CHIPLEY — Everyone is familiar with the sight of clean-cut young men in dress clothes, bicycling through the community. But not everyone is used to seeing young women in dresses on bicycles.


CHIPLEY — Everyone is familiar with the sight of clean-cut young men in dress clothes, bicycling through the community. But not everyone is used to seeing young women in dresses on bicycles.



“The hardest part was learning how to ride a bicycle in a dress,” says Sister Christopherson, 19, a Wyoming native who has been called to Washington County to serve part of her time as a missionary for the Church of Jesus Christ of Latter-day Saints.



“Of course I rode a bike when I was younger, just not in a dress,” she adds, laughing.



Christopherson is one of four young people presently living in Chipley as part of their missionary service to the Mormon church.



The Mormon church is based on the revelations of Joseph Smith, who said the heavenly messages were delivered to him in the 1830s. Headquartered in Salt Lake City, Utah, the church has more than 5 million members in the U.S. and over 14 million worldwide.



As part of their tradition, the young missionaries use the designations “elder” or “sister” and forego first names while serving their terms and they typically will serve their mission in two or more locations.



Young men will serve two year missions while young women will be called for 18 months, said Elder Hill, a 20-year-old Fort Worth, Texas native who quietly assumes the role of leader when the four missionaries gathered for an interview on Dec. 23.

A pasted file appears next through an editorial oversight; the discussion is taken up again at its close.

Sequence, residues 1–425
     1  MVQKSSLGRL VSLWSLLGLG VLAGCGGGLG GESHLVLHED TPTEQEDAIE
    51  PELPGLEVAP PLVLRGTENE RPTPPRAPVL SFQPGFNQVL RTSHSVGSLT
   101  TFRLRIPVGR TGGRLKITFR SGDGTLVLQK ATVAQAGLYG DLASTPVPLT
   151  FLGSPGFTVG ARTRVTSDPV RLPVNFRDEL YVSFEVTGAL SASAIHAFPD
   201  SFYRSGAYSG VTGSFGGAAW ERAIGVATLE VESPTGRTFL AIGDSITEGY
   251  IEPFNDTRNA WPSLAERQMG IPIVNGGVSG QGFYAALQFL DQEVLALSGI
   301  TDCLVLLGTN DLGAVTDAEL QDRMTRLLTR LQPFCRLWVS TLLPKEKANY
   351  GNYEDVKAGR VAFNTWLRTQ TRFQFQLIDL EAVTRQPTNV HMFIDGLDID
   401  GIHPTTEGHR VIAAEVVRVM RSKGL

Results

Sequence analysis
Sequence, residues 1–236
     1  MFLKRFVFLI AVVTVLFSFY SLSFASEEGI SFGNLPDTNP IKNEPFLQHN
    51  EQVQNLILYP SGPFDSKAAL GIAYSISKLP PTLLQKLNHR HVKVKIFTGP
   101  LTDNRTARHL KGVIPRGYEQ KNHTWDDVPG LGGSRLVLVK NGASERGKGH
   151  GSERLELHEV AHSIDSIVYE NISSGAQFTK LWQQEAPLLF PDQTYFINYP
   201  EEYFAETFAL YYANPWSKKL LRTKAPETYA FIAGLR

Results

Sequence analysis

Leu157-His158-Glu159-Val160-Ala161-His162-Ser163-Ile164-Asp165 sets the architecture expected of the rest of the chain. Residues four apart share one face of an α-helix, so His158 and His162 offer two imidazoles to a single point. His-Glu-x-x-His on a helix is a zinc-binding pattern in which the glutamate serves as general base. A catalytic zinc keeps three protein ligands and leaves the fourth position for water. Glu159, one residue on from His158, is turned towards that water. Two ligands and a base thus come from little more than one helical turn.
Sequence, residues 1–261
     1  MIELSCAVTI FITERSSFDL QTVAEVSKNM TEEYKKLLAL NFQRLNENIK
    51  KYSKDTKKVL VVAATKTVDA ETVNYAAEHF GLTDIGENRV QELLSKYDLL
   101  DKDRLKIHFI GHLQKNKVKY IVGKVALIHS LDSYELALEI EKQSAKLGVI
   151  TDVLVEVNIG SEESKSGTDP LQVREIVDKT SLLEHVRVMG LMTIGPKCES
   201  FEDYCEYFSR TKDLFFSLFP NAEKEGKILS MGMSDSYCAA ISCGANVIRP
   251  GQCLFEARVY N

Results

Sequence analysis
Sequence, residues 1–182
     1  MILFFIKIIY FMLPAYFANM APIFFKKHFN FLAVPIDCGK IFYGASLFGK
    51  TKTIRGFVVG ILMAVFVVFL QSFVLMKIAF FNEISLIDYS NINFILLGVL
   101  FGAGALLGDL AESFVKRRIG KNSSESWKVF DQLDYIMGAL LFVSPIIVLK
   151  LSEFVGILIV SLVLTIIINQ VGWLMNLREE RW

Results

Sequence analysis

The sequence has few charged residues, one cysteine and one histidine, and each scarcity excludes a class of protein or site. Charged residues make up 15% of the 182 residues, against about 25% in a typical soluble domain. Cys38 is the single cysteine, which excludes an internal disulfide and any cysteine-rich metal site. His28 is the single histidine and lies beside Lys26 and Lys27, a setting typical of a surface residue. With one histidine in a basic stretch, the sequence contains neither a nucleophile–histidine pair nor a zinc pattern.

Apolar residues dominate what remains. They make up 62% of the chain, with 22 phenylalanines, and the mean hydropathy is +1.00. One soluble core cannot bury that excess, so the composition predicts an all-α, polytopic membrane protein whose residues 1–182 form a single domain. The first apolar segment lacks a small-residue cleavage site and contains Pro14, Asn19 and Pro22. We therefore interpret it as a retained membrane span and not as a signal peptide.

“All worthy young men and women are called to serve as missionaries,” Hill explained, adding that not all Mormon youth are called to serve missions, but many do. “The process begins with our Prophet praying and fasting over our names, and there are 80,000 missionaries around the world.”



The young people attend a Missionary Training Center in Provo, Utah, for pre-mission training before being sent to a mission to serve — in this case, the Tallahassee, Florida Mission, where area Mormon missionaries are assigned.



The MTC is adjacent to Brigham Young University, but the training is not an accredited course. Rather the goal of the training is preparation for proselytizing and training in proper conduct and scripture study.



“Our Mission stretches from Tallahassee to Perry (Fla.) to Pascagoula (Miss.),” Hill said.



Where the individual missionaries finally wind up is a decision made by the mission president. The president prays and fasts for guidance in making the assignments.



Joining Hill and Christopherson in Chipley are Sister Krebs, 21, and Elder Wilcox, 19, both of Utah. None of the missionaries knew each other before arriving in Tallahassee for assignment.



Mormon missionaries are recognizable from their professional attire and their bicycles.



According to Wikipedia, missionaries must remain in professional, conservative attire. For instance, a light colored suit is acceptable. They are also allowed to wear a sweater or suit vest over their dress shirt and are encouraged to wear brightly colored ties.



Sister missionaries are required to wear skirts and dresses that cover their knees and are not required to wear skirts and dresses that are mid-calf length. Young women are encouraged to dress in bright colors and patterns, and they may wear appropriate jewelry and accessories. Sister missionaries may not wear slacks (outside of service activities or exercise) and must wear shirts that cover their entire shoulder.